• Marketing technologist - someone with a deep understanding of the HubSpot platform who has the ability to leverage the platform in support of the campaign. This is a critical role that ensures faithful translation of the marketing blueprint into actual marketing campaigns.
  • Content marketer - someone who understands how to write persona-aligned content across multiple mediums, from content offers and blog posts, to landing page copy, etc.
  • Social media marketer - someone who understands the various social channels, has a working knowledge of the tips + tricks of the trade, and who can identify the appropriate channels to leverage (and how best to leverage them) in the promotion of persona-aligned content.
  • Graphic designer - inbound requires a fair amount of creative work, ranging from content layout, to landing page design, CTA graphics, site elements, etc.
  • Frontend developer - as inbound campaigns rely heavily on cultivating ideal persona engagement with a website, at some stage a frontend developer will be required to integrate campaign components.
  • Project manager - whenever a project requires coordinated efforts amongst multiple team members, where there are dependent activities and workflows, someone needs to be responsible for orchestrating those various workflows around timelines and resource budgets.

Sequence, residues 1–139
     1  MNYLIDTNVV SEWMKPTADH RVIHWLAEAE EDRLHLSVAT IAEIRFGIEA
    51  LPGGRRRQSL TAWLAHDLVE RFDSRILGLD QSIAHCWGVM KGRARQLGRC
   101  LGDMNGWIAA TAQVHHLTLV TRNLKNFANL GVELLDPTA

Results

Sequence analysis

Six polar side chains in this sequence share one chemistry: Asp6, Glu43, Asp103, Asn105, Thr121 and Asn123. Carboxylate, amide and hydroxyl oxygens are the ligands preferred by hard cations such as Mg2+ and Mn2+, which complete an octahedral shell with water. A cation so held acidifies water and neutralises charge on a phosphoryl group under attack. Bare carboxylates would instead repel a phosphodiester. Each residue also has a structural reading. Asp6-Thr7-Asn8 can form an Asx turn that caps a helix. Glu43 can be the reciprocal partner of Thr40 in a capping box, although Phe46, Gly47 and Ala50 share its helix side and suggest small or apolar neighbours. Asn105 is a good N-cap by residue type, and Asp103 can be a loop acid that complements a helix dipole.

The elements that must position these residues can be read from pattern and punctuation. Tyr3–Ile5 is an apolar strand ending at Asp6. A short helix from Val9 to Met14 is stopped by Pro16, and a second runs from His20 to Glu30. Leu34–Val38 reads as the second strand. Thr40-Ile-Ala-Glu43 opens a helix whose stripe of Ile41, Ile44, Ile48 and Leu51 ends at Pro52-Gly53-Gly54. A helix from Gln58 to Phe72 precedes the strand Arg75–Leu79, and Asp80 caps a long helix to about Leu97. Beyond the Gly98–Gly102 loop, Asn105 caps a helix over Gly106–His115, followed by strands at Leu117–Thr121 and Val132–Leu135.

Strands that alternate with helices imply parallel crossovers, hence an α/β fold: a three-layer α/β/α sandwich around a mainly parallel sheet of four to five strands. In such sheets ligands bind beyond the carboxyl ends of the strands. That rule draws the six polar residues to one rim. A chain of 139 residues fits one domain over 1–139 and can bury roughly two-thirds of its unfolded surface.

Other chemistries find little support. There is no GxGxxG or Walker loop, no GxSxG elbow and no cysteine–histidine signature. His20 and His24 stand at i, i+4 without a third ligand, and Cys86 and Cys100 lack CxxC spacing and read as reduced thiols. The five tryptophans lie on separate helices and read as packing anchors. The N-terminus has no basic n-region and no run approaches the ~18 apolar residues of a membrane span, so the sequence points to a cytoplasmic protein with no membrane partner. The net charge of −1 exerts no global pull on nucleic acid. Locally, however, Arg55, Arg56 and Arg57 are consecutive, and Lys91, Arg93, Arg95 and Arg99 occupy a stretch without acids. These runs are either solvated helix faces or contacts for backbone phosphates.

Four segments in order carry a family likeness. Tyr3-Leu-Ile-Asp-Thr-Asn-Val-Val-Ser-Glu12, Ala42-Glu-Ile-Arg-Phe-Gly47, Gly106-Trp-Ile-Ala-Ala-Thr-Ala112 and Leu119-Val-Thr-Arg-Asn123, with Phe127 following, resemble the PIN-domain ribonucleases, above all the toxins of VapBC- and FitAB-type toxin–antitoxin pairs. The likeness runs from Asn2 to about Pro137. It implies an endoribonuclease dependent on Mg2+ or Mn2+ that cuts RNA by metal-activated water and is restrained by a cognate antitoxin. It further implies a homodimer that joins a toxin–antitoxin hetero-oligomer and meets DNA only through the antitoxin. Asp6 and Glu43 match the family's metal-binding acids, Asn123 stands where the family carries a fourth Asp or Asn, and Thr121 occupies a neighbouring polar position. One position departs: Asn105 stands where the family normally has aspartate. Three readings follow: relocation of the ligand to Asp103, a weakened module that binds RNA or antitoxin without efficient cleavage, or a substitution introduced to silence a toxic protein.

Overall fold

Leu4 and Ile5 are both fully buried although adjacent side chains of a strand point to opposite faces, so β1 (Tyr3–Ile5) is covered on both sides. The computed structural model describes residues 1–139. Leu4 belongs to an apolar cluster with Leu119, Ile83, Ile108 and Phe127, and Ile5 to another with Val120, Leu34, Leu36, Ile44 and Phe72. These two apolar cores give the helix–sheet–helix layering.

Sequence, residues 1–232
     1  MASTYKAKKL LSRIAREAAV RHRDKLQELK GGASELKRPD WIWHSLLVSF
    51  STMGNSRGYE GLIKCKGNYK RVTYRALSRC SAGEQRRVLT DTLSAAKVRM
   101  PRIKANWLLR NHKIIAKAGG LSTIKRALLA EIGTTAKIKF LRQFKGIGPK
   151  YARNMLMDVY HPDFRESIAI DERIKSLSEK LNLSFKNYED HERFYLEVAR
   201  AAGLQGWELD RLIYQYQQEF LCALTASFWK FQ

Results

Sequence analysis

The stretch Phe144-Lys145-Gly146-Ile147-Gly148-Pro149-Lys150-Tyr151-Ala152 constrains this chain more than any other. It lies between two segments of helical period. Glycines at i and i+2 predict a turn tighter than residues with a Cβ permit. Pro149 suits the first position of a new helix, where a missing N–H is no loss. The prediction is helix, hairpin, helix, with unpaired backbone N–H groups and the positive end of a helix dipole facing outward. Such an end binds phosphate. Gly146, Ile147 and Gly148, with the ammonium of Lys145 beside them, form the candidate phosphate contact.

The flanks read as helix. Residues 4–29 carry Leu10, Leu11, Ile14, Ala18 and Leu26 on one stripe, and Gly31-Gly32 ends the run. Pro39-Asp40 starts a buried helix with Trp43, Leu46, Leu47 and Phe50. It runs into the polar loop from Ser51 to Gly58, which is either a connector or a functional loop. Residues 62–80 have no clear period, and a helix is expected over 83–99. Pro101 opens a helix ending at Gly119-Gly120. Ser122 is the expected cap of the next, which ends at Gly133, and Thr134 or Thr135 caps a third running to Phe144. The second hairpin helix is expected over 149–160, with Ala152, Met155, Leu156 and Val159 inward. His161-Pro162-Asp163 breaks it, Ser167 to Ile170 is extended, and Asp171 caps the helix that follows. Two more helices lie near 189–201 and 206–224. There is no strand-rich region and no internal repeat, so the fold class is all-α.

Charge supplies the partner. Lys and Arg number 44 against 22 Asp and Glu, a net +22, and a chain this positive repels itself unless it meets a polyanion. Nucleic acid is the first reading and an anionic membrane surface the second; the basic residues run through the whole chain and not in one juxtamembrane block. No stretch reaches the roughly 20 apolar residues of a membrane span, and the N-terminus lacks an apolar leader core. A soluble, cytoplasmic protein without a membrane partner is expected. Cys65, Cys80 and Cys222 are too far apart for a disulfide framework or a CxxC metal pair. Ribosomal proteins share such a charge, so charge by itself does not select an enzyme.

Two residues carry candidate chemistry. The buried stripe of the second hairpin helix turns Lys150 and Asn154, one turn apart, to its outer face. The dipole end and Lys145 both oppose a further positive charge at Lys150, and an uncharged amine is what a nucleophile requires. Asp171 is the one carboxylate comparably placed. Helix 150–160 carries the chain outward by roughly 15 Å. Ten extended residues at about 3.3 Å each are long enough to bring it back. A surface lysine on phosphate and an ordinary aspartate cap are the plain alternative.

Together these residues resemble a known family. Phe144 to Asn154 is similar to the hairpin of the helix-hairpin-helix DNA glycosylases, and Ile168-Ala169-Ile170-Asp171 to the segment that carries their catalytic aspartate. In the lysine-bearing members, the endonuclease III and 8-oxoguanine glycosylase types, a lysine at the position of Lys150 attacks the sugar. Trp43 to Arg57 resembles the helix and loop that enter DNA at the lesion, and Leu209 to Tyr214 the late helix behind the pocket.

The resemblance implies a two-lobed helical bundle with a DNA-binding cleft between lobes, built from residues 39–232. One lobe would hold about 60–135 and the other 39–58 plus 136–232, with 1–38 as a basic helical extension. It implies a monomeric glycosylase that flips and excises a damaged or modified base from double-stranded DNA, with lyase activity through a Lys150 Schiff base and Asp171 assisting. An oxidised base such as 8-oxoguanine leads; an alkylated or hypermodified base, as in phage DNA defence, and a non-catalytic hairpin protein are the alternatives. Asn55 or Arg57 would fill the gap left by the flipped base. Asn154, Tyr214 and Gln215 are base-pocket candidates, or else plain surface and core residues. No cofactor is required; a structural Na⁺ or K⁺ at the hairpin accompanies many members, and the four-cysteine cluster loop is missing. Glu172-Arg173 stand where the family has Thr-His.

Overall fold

There are at least seven distinct skill sets required to produce the individual components required to run a successful inbound marketing program.

Of course it is possible that certain team members would possess more than one of these skill sets (e.g., content marketing + social media marketing, for example), but it is highly improbable, and possibly impossible, that a single team member would possess all of the skills required to execute from concept to completion.

As the operator of an agency where inbound marketing services are a core piece of our offering, I can attest with firsthand experience that quality and results are directly proportionate to (a) the degree of specialization that team members possess in each of the identified skill sets and (b) the extent to which those team members are accustomed to working together as a part of an integrated whole.